You are here:

How Taxi Fabric is trying to get Mumbaikars to love their cabs

The recipe for a perfect disaster in this part of the world has two ingredients - the Mumbai monsoons and its taxis. Okay, that might have been a hyperbole of sorts, but anyone who has been soaked to their intestines trying to hail a cab in the Mumbai rains would want to make allowances for such exaggerations.

So for many taxis are synonymous with trouble, and then there are the folks at Taxi Fabric who dismiss the travails of taxi rides as small casualties of an otherwise interesting aspect of Mumbai living. Sanket Avlani, along with  Chintan Ruparel and a group of other enthusiastic designers, found it far more engaging to dwell on how Mumbai taxis contribute to the aesthetics of the city, than crib about errant drivers - and the result of this is Taxi Fabric, an initiative to re-design taxi seat covers.

AFP.

AFP.

Sanket Avlani, who works with advertising agency Creativeland Asia, is quick to point out that their effort doesn't stem from something as mundane as 'need' or 'necessity', it's something that is perfectly in sync with their creative interests.

"I take a taxi to work daily. And along with being a Mumbaikar, I also happen to be a designer and an art director. So, naturally, the thought of redesigning a taxi seat cover was going to cross my mind sooner or later. The day it happened, I looked at it as an opportunity for not just me, but also other designers as a community to contribute with their own styles and strengths."

"We believe there is no limit to which art can be pushed. So as such, there isn't a 'need', more like a 'what if?' It will be exciting to see the designs that we get and also people's reactions to them," says Avlani.

As of now, the project is completely voluntary and doesn't require taxi owners and drivers to pay Taxi Fabric's team of designers. You might imagine cab drivers in Mumbai as people who have little patience for style, but if you ever manage to take in the interiors of a cab, you'll be convinced otherwise.

The seat covers in velvet and psychedelic designs, or textured faux leather, the little trinkets that hang beside the rear-view mirror, the fibre statuettes that sit atop the dashboard, the neon lights inside - several taxis are examples of scrupulous designing efforts. No wonder then designers at Taxi Fabric were excited to lend a hand in helping Mumbai cab drivers redesign 'their office'.

"The designers are excited to kickstart and contribute pro-bono towards this project because of the sheer size of the canvas, and the fact that it takes their designs straight to the streets. We've figured out an initial group of taxi drivers who have agreed to change their covers to the ones we give them."

"We will be closely following up with them for feedback and reactions. That apart, we're currently working on a model where we will supply fabrics to the guys who make taxi seat covers, which the taxi drivers will obviously have to pay for," explained Avlani.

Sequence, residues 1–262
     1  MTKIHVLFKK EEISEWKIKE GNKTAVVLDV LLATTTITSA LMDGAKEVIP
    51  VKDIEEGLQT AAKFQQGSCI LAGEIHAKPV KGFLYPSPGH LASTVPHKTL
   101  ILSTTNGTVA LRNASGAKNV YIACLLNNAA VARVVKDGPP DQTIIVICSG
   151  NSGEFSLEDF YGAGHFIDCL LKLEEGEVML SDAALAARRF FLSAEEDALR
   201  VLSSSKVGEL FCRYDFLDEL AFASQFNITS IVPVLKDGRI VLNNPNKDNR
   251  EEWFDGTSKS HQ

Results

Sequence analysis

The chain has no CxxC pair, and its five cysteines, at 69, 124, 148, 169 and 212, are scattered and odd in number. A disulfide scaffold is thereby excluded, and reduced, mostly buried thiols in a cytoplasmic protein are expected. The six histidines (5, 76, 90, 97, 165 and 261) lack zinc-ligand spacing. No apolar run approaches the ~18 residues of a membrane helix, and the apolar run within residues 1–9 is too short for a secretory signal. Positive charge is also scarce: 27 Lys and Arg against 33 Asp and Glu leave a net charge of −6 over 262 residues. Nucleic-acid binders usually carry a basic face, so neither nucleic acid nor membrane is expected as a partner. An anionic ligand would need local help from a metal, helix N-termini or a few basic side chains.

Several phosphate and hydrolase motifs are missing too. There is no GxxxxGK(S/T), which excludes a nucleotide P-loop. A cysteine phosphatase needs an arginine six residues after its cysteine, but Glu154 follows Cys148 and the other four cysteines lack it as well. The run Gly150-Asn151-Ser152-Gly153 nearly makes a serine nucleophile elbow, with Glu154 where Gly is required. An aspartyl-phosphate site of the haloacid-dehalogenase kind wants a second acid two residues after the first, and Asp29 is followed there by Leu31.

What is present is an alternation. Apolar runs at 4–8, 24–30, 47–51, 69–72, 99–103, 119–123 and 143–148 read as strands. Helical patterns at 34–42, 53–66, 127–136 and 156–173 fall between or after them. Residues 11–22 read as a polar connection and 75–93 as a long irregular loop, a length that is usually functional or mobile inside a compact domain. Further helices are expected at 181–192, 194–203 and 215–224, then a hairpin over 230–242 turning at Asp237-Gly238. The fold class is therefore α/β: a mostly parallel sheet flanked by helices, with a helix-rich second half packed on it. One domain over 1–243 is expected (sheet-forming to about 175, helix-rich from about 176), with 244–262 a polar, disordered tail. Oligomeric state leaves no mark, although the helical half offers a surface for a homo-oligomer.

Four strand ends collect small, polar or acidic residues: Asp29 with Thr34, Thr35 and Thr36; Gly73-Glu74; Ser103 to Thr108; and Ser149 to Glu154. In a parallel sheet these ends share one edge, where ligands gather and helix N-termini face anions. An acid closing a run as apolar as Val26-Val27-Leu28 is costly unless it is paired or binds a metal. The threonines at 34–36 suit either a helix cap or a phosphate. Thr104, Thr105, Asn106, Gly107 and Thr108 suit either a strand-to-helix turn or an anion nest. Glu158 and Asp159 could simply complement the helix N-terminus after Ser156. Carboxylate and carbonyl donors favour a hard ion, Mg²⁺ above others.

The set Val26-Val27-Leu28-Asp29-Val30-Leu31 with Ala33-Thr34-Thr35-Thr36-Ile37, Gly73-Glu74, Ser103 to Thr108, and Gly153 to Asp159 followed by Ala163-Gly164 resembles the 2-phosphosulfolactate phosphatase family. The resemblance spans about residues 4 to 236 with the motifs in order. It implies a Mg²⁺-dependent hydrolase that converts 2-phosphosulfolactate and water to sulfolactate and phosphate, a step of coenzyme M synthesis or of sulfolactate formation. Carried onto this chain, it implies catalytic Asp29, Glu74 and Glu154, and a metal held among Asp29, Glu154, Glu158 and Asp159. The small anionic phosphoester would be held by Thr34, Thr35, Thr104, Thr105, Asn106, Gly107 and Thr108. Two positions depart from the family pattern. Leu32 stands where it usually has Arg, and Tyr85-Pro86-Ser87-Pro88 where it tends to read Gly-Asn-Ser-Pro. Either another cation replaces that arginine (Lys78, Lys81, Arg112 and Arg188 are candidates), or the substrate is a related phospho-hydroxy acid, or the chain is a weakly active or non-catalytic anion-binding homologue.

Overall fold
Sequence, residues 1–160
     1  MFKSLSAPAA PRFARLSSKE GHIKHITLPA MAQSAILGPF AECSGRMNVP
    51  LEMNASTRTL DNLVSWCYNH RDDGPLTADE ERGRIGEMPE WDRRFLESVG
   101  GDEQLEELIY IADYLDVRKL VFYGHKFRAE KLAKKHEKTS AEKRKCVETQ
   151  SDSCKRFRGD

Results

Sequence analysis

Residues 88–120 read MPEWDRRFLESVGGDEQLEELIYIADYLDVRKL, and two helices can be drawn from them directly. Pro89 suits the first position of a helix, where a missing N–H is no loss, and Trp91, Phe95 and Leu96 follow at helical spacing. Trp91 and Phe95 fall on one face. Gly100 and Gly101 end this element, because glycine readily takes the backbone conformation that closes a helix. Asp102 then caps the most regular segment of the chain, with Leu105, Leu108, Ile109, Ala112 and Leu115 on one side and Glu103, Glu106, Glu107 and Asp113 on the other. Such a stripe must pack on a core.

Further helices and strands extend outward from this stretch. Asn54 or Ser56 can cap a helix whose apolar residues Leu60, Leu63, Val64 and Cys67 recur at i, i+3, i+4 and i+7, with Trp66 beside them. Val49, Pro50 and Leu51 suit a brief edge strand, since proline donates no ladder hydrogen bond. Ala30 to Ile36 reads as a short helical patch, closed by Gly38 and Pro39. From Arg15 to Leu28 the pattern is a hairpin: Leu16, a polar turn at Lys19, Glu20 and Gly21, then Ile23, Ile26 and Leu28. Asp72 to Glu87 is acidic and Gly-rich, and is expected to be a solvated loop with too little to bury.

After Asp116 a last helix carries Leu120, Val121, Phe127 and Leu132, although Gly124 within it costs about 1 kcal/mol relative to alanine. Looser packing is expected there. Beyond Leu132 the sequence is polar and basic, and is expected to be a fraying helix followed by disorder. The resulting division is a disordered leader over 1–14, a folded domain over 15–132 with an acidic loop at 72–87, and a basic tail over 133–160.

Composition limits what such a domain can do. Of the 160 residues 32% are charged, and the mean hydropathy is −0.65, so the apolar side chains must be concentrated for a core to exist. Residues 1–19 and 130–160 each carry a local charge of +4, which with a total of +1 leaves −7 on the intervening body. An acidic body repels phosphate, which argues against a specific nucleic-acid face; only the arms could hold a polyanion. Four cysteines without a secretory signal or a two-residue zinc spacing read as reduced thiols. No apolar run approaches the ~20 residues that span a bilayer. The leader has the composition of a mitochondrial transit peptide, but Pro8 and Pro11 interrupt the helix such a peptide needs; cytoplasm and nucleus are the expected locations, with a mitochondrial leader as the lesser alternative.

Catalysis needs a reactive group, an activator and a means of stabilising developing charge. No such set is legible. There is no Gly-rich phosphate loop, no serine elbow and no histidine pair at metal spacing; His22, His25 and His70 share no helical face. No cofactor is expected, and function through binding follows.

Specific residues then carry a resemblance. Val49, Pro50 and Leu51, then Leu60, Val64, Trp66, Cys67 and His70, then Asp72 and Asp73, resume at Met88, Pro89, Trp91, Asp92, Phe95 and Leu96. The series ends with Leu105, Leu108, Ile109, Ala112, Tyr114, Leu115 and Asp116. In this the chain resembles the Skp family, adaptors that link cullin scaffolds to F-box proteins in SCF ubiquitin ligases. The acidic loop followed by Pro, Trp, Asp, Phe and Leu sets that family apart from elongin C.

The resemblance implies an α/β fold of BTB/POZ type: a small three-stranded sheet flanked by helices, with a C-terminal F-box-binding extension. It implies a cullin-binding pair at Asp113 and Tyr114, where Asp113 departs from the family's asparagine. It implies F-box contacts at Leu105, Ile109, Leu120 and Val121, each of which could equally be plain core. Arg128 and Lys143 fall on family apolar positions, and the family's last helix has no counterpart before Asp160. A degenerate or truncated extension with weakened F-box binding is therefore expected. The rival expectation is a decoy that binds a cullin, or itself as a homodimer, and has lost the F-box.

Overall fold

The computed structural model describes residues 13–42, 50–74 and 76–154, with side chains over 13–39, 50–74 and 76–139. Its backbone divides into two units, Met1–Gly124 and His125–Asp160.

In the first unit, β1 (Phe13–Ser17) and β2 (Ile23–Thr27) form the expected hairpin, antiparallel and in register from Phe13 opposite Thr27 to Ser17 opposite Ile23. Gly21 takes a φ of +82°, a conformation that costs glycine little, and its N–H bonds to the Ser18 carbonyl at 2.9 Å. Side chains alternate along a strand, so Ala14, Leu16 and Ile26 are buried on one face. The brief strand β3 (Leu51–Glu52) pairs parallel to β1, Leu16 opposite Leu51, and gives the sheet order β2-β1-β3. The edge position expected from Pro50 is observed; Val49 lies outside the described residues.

taxi-designsAFP

Seat cover designs (not their own) archived by Taxi Fabric.

Most naysayers would predict a business initiative of this kind would run into rough weather mostly because of a disinterested customer base, but Avlani says that Mumbai cab drivers are actually willing to loosen their purse strings for a snazzier, cooler vehicle. Avlani attributes the change to the evolving dynamics of cabbie-customer relations. Add to that travel in Mumbai can be long and several customers also book taxis for regular trips to work and back.

"They understand the need to go that extra mile to gauge the pulse of the passengers and try pleasing them. That's why you see some of them speaking in English, or play the latest music on their funky sound systems and speakers. These things become great conversation starters and stay with passengers even after they get off.

"So yes, much to our surprise, taxi drivers are even more open to this change. A lot of them have told us to speed up the process because the new set of taxis are coming in," says Avlani.

And are the passengers interested in the aesthetics of a vehicle which is purely functional for them? "As a people, Indians are not very receptive to design because public transport lacks a certain edgy design element. We felt this blind-spot needed to be addressed urgently. So we're working hard on this first set of designs, a lot depends on it," Avlani said.

Apart from Avlani and Ruparel, Taxi Fabric at present comprises a bunch of designers like Pavithra Dikshit, Shirin Johari, Tosha Jagad, Kenneth Barnes. However, anyone who is wants to be a part of the fun project can mail them at taxifabric@gmail.com. You can find them on Twitter  @TaxiFabric